If there are in-house technologies that have a relationship with your CMMS system, ensure all the stakeholders from this area are also involved with the project. As a result, you’ll have a clear understanding of how to keep both systems aligned, and allow for any extra work in the project plan and budget (rather than afterwards).
Sponsorship from the top is a must….
It is imperative to have the full support of the senior decision makers in management.
Having a champion for the project from the management team will assist in communicating a thorough understanding of what is required in the project and should ensure a holistic approach is achieved.
…but don’t forget about everyone else
Having buy-in from many different stake holders from different departments in the organisation, not only the senior managers, is vital. If stakeholders share a sense of ownership, this will assist when the roll out begins, as they will embrace the change a lot easier as they were a part of the initial conception.
Understanding the specific requirements of different departments within the organisation will assist in an easier implementation/transition; otherwise push back can happen as there is no understanding of the system and the value that can be generated from the system.
Ensure there is clear communication for decisions being made on the project. Also engage and receive feedback from all the different stakeholders.
Consider outside help
You should consider engaging an independent consultant to assist in the project. An outside perspective is often advantageous, both with communication and stakeholder management, as well as when auditing the work completed during the implementation.
However, be sure to carefully review the consultants and get references from previous clients asking the following:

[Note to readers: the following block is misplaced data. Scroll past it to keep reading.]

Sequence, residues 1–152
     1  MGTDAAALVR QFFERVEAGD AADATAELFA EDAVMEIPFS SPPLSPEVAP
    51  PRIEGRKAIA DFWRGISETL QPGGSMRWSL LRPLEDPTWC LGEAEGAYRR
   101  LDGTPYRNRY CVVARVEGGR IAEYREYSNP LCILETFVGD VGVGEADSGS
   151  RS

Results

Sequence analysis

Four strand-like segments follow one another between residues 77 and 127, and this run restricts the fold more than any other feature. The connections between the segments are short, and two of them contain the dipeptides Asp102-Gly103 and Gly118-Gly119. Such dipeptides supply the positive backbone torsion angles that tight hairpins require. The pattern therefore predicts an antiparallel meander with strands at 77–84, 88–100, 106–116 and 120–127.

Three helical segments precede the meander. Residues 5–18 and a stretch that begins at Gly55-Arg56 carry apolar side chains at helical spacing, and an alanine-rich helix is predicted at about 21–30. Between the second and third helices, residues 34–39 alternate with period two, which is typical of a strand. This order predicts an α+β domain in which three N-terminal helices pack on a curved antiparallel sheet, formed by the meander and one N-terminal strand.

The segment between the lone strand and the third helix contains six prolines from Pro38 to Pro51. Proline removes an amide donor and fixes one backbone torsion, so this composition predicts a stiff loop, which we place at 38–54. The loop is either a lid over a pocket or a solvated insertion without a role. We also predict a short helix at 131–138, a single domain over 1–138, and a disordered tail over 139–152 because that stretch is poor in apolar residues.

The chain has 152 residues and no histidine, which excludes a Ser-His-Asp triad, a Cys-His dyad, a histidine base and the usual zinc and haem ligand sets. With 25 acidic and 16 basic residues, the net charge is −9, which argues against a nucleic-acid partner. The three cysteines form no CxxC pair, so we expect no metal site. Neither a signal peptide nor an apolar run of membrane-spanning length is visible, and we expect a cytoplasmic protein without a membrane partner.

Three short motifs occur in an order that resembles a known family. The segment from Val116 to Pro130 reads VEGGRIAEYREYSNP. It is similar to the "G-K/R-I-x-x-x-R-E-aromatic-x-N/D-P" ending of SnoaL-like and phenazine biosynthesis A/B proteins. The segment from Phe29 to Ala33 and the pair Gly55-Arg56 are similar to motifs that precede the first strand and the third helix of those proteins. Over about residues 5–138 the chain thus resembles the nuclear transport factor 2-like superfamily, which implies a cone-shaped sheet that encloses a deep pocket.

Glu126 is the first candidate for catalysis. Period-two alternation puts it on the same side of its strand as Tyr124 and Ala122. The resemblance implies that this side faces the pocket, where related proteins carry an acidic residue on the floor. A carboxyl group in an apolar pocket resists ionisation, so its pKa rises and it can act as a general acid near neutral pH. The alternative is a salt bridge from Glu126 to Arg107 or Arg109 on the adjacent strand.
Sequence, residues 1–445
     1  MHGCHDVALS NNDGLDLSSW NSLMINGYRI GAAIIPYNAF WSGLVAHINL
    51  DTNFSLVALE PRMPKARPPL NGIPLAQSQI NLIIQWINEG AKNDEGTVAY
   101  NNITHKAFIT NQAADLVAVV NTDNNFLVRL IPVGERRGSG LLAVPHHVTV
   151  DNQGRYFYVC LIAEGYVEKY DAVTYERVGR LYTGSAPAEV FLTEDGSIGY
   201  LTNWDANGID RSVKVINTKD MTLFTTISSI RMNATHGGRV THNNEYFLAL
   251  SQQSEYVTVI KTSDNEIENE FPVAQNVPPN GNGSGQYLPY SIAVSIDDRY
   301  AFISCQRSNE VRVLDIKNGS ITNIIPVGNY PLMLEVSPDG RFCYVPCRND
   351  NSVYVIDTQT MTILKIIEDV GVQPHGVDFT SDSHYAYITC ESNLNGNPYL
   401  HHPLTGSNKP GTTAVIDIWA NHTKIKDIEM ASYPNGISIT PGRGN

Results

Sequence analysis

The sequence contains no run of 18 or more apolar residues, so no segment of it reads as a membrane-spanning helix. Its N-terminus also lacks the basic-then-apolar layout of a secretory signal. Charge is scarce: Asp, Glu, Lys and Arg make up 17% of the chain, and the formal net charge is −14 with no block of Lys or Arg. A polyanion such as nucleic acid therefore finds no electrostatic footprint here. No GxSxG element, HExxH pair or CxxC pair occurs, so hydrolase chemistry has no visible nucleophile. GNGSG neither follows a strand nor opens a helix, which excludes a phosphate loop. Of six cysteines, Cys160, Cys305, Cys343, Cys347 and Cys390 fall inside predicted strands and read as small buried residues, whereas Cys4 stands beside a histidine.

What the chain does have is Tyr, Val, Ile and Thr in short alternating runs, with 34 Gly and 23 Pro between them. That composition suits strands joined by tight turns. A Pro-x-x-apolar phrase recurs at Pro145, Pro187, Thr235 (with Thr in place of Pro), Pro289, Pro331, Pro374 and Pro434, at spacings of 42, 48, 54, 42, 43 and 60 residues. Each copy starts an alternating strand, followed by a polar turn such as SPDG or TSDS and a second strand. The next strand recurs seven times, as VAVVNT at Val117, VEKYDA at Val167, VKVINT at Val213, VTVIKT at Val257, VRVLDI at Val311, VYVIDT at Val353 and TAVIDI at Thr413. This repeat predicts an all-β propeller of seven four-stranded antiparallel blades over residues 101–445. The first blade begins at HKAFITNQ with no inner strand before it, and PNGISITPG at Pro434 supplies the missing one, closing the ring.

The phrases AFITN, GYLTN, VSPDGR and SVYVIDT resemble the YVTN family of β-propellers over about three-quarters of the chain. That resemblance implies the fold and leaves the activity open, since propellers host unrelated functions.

How good was the organisation doing the implementation work for you?
Do they have experienced people doing the work?
Train, train and train some more
Ensure a robust training regime is in place for all departments. It is imperative the people using the system are becoming familiar and feel comfortable using the system. An understanding of the benefits that will come from using the system should also be conveyed during the training.
Training always needs to be available and conducted in an ongoing routine as changes will no doubt occur in the future.
Ensure easy-to-follow guidelines for using the CMMS system are readily available.
Manage the post-implementation risk
Every project has an end date, but what happens if you still have issues with your CMMS when you reach the project end date?
Make sure you have a commissioning plan and support available throughout the commissioning phase to resolve these issues.
Finally, make sure your project completion is milestone-based, not time-based, and that the project team doesn’t de-mobilise until all systems issues are resolved.
When you think about it, a CMMS is no different to any other asset. We all know what happens if you don’t consider the whole of an asset’s life cycle or operational readiness. Think holistically and you’ll ensure your CMMS becomes one of your most valuable assets.